2014: Building Infrastructure

January 1, 2015

{% previous 2013-in-review %}


With 2014 now safely over, we may now gossip rudely behind its back. This post is to serve as a postmortem on the year, to collect as much data about it, review what went well, and see what we can do better for next time.

While 2013 was a year of collecting low-hanging fruit, for me, 2014 was instead a year of infrastructure-building. I spent the last 365 days focusing on three pillars: collecting knowledge, excelling in school, and building my career.

On the knowledge front, I wanted to read 10 textbooks, after accidentally reading one last year and realizing it was by far the best way of getting up to speed in a subject. Depending on what you count as being a “textbook”, I read somewhere between 8 and 12, on subjects including writing, business and negotiation, cognitive psychology, and a wide range of mathematics (probability theory, set theory, category theory and game theory). The focus here was on learning material I expected to be useful over the course of the next three years. I consider this pillar to be a success.

Excelling in school, however, did not go very well, as it was perhaps poorly thought out. I had precommitted (a $200 payment in escrow to a friend should I fail) to getting an average grade of >85% (an increase of about 12%) over my penultimate school term. My motivation for this was the belief that high grades would reflect a strong understanding of the course material. I found the actual mechanics of receiving high-grades to be relatively easy, but had to slowly watch as my motivation slipped away; many of my courses didn’t strike me as being worthwhile of which to have a strong understanding. Overall, I achieved around 81% – still a significant improvement – but still ended up paying the escrow.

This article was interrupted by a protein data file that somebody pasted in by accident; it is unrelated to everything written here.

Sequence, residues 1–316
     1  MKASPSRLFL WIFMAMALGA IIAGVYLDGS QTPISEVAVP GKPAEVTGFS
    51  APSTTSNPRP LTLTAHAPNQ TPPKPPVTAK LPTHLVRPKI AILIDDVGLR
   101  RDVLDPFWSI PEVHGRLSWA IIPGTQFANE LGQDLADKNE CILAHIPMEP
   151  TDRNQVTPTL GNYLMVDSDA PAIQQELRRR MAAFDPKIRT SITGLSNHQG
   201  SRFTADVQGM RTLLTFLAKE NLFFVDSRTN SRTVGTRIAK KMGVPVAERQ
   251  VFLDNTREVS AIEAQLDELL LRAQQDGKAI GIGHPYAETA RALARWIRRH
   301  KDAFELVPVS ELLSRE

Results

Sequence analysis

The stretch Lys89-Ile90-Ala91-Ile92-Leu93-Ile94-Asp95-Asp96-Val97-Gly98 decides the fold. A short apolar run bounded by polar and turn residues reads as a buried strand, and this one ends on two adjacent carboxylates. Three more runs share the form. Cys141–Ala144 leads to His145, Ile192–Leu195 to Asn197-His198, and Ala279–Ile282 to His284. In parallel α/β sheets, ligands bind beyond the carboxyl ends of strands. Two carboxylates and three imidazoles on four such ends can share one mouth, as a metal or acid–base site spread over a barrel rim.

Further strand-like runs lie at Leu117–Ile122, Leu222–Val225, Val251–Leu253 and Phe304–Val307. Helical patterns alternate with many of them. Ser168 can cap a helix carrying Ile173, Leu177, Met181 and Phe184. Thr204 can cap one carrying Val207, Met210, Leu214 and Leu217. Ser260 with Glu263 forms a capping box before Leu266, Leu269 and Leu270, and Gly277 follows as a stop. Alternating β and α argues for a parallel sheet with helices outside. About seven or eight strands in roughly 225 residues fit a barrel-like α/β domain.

My plans for the career pillar were to build lots of industry contacts, to have high impact during my internships, and to land an awesome full-time job for after graduation. The motivation for this pillar, of course, was that 2014 was my last full year to concentrate on optimizing for a career before actually jumping into one. I was looking for something interesting (to avoid burnout) and highly lucrative (to donate). I can’t talk about my impact for legal reasons, but I can say it was at least three orders of magnitude larger than I would have ever dreamed. I’m in the final stages of landing a job, so it’s a little too soon to talk about that, but everything is looking really promising and my expected salary skyrocketed by about 130% from what I would have predicted last year. I consider this pillar to be hugely successful.

Also, for some reason, during my new year planning for 2014 I decided I was going to put out a rap CD. This didn’t happen. I can’t really remember why I thought this would be a worthwhile use of my time, but I’m including it for completeness.

A big highlight of the year was a ten-week excursion to eastern Europe during what should have been an internship. I didn’t find any jobs that I wanted in a location that I wanted which would teach me things I wanted to know, so I decided to better spend the time traveling. This was the best decision I’ve ever made, and I learned more about myself in those ten weeks than I did in all of 2012. I have lots more to say on my eurotrip, but it’s relatively off-topic for the purposes of this post.

Looking Forward

My plan for 2015 is to focus on consolidating power. I want to use the next year to implement one new habit every two weeks, ranging from productivity strategies, to mnemonics, covering better nutrition, exercise and meditation in between. The plan is to write a blog post every two weeks with a review of the new habit, and how well my previous habits have been holding up. My first habit will be installation of a better quantified self system: figuring out all of the analytics below was significantly harder than it should have been. I think this is an especially good way to start, since it will help track progress in future habits. I will write more on this in two weeks.